CAN you tell us a little bit about the concept of food justice?

Food justice refers to a grassroots movement that asserts that access to food is a human right. The movement is in response to food insecurity, poor health due to food related illnesses, and protecting the rights of food workers, many of whom are black and brown and are easily exploited. In February 2021 I organised Black Vegan Fest, an online, two-day festival of talks, demos, and workshops designed to support and encourage plant-based eating for the Black community. Check out this incredible convo between myself, Eshe Kiami Zuri and Dee Woods on the topic of food justice and community care.

What would you say is the BIGGEST thing or idea that we need to unlearn about food?

We need to develop intentional relationships with food and understand it as a social need. Food literally makes up the building blocks of our minds and bodies, yet most of us do not examine the role it plays in our lives or our personal relationships with it. I think this is particularly important for women and other groups who have had these relationships significantly policed.

Image: Yatus Bakery

What THREE things are always in your fridge?

Miso, tahini, hot sauce. Plant-based cooking is all about marinades and sauces and miso and tahini add such depth to my dishes. Hot sauce can always elevate a struggling meal – I keep my fridge stocked with both vinegar-based and Jamaican hot pepper sauces.

Which three ingredients do you always STOCK pile?

Garlic, chickpea flour, mushrooms. I love garlic and can use whole bulbs in some of my dishes so I have to stay stocked! Chickpea flour is really versatile and inexpensive and mushrooms are great for adding texture to dishes.

What FOOD or ingredient is the ultimate luxury or indulgence for you?

The little patisseries that you would find at an afternoon tea! So much work and care goes into making them, and they’re usually not overly sweet and have really interesting textures. Baking is a science and an art. I recently went to an Evening Tea event by Yatu’s Bakery, and sipping prosecco and eating delicious chocolate dipped chocolate mousse was the ultimate indulgence!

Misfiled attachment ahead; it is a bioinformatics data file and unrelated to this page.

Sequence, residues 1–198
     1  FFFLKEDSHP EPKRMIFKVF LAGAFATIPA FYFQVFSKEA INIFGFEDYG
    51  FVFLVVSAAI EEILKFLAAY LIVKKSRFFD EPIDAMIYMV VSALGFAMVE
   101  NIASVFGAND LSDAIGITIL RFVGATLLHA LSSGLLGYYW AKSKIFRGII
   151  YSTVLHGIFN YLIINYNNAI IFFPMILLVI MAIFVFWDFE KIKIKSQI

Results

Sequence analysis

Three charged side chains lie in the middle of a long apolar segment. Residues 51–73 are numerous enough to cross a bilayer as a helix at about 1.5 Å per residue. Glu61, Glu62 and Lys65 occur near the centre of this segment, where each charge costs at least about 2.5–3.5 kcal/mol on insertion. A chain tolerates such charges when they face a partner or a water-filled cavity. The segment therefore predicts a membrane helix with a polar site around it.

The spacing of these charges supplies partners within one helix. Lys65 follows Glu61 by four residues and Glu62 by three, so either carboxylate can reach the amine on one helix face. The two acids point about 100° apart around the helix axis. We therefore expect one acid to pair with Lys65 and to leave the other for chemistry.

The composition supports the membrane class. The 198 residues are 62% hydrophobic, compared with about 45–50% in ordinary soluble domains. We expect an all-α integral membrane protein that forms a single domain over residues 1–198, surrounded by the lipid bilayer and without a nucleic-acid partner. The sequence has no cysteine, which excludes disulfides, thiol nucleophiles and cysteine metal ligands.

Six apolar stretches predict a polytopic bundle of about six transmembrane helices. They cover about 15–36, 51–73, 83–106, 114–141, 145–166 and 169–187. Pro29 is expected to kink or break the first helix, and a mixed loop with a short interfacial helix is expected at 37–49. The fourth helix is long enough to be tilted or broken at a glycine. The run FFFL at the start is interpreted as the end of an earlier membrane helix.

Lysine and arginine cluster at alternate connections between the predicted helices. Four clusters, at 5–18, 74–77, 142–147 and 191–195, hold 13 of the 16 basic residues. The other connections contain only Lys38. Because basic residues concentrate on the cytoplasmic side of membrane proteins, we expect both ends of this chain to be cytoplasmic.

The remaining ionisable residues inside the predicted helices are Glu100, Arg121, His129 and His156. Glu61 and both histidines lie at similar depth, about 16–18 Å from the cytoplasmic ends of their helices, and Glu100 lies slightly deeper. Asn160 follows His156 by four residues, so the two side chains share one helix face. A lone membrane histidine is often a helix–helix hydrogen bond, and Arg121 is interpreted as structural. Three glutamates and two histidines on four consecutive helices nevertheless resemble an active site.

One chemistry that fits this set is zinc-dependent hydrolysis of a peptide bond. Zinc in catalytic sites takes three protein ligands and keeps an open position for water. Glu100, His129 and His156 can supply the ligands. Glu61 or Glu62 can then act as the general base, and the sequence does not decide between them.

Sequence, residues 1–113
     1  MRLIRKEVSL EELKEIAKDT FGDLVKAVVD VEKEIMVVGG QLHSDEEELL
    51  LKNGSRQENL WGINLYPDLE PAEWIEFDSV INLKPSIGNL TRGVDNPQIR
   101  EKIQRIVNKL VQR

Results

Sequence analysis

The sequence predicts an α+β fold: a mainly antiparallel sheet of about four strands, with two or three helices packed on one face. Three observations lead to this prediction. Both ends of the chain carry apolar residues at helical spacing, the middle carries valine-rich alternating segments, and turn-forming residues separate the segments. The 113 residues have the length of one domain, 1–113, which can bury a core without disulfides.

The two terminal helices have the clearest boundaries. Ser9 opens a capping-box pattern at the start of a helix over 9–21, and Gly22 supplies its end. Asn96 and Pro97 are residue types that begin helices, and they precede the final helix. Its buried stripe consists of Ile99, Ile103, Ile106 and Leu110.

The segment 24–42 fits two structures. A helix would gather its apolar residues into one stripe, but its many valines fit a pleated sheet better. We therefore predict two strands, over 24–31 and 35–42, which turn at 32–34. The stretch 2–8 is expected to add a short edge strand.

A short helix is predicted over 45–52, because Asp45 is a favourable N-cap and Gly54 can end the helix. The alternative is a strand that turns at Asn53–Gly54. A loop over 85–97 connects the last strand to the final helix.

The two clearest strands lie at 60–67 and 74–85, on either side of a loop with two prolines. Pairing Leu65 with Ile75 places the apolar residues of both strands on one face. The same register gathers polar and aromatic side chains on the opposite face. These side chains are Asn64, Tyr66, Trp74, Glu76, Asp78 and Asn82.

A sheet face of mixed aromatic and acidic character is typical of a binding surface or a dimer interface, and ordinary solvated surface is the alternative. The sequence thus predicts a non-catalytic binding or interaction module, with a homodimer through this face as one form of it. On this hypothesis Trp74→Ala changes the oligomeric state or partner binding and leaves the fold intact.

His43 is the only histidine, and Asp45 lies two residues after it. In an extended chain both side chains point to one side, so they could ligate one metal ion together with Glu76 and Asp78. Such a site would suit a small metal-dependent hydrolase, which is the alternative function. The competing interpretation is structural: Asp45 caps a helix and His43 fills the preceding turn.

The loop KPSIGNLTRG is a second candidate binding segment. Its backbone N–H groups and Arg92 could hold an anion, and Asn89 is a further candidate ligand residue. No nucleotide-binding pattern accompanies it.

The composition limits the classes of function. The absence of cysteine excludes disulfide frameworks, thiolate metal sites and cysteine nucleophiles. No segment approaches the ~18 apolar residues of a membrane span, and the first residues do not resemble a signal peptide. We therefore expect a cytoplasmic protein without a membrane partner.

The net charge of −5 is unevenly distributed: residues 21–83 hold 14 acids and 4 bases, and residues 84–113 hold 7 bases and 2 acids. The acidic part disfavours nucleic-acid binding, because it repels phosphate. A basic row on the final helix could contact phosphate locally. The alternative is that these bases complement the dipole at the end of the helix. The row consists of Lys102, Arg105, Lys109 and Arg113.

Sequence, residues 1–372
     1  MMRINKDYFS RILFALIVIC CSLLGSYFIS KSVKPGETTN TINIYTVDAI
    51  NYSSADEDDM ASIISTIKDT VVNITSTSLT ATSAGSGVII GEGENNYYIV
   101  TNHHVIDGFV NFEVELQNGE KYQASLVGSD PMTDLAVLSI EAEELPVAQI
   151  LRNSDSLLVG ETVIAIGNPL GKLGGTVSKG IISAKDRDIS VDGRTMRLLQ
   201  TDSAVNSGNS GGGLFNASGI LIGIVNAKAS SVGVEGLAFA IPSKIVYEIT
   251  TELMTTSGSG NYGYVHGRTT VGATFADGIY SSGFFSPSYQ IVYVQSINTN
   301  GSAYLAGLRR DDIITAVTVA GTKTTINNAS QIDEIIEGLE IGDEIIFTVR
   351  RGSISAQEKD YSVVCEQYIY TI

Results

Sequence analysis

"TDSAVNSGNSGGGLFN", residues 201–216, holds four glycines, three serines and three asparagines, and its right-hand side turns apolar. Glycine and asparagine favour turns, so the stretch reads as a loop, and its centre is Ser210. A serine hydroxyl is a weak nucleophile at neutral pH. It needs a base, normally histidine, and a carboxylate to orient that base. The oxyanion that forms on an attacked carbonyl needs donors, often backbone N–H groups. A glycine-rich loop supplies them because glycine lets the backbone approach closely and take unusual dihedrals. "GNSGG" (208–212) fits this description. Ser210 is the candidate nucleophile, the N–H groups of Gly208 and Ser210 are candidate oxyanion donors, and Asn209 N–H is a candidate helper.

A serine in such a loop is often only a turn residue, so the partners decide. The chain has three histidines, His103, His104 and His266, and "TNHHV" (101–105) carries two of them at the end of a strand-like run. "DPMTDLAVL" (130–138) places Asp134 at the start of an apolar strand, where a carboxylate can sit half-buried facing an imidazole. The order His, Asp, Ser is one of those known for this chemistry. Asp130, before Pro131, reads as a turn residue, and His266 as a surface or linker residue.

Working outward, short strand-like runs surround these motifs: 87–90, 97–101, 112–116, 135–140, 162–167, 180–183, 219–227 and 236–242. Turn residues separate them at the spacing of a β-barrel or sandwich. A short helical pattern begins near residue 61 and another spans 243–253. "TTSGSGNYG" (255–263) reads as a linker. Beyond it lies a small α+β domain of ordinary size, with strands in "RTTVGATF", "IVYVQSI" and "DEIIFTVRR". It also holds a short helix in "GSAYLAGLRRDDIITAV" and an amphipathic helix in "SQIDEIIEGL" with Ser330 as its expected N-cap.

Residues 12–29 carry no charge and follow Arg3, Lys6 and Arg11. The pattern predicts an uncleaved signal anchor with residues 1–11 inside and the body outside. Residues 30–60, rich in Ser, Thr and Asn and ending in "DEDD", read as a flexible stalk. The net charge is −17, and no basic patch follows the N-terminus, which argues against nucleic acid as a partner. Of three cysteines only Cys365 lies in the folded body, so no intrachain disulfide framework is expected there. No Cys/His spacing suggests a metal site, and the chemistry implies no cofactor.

What FOOD or ingredient is the ultimate luxury or indulgence for you?

The little patisseries that you would find at an afternoon tea! So much work and care goes into making them, and they’re usually not overly sweet and have really interesting textures. Baking is a science and an art. I recently went to an Evening Tea event by Yatu’s Bakery, and sipping prosecco and eating delicious chocolate dipped chocolate mousse was the ultimate indulgence!


Can you give us your TIPS for shopping for fresh fruit and vegetables?

I think a great tip is to make sure you plan well when buying fresh fruit and veg, not just what you’re going to buy but how you will store it. It’s so important we think about limiting food waste. Fresh herbs make all the difference to simple dishes but can spoil so easily if stored incorrectly! This article is really helpful.
Also, if you have the resources and like to cook creatively I would definitely recommend trying out a veg box delivery. Usually both local and seasonal, these are great time savers and push you to try new things that you’ve never tried. I am now an expert in turnip dishes thanks to a seasonal veg box!

WHAT is your favourite tool in your kitchen?

I think I probably use my food processor for 95% of my dishes… I love marinades and sauces and really building flavour, and it is so important for transforming nuts and seeds into different textures, from butters to flours to bases for raw cheesecakes etc.

Image: Opeoluwa Odutayo

What was the LAST meal that you ate that really impressed you?

The Future Plate is a collective of African and Caribbean heritage chefs sharing culture through themed tasting menus. I was so impressed with Chef Opeoluwa Odutayo’s main course of pepper soup infused mushroom and jackfruit steak with plantain terrine. The ‘steak’ just melted in your mouth and it was so great to try vegan fine dining with Afro-Caribbean flavours.

Can you give us two restaurant recommendations, your favourite in London and one can be anywhere else in the world?

Blank in Brixton and Sol Sips in New York have perfect plant-based brunches, both Black women owned and with a strong community ethos.

WHERE is your favourite place takeaway spot?

Lockdown definitely got me back into the habit of ordering takeaways! I try to support local rather than chains. I love Bando Belly in Peckham, it’s almost Caribbean/Asian fusion food. I get the chickpea doubles or the shroomi cheesesteak (the gochujang mushrooms are to die for).

Where do you get the INSPIRATION for your recipes and how do you develop them?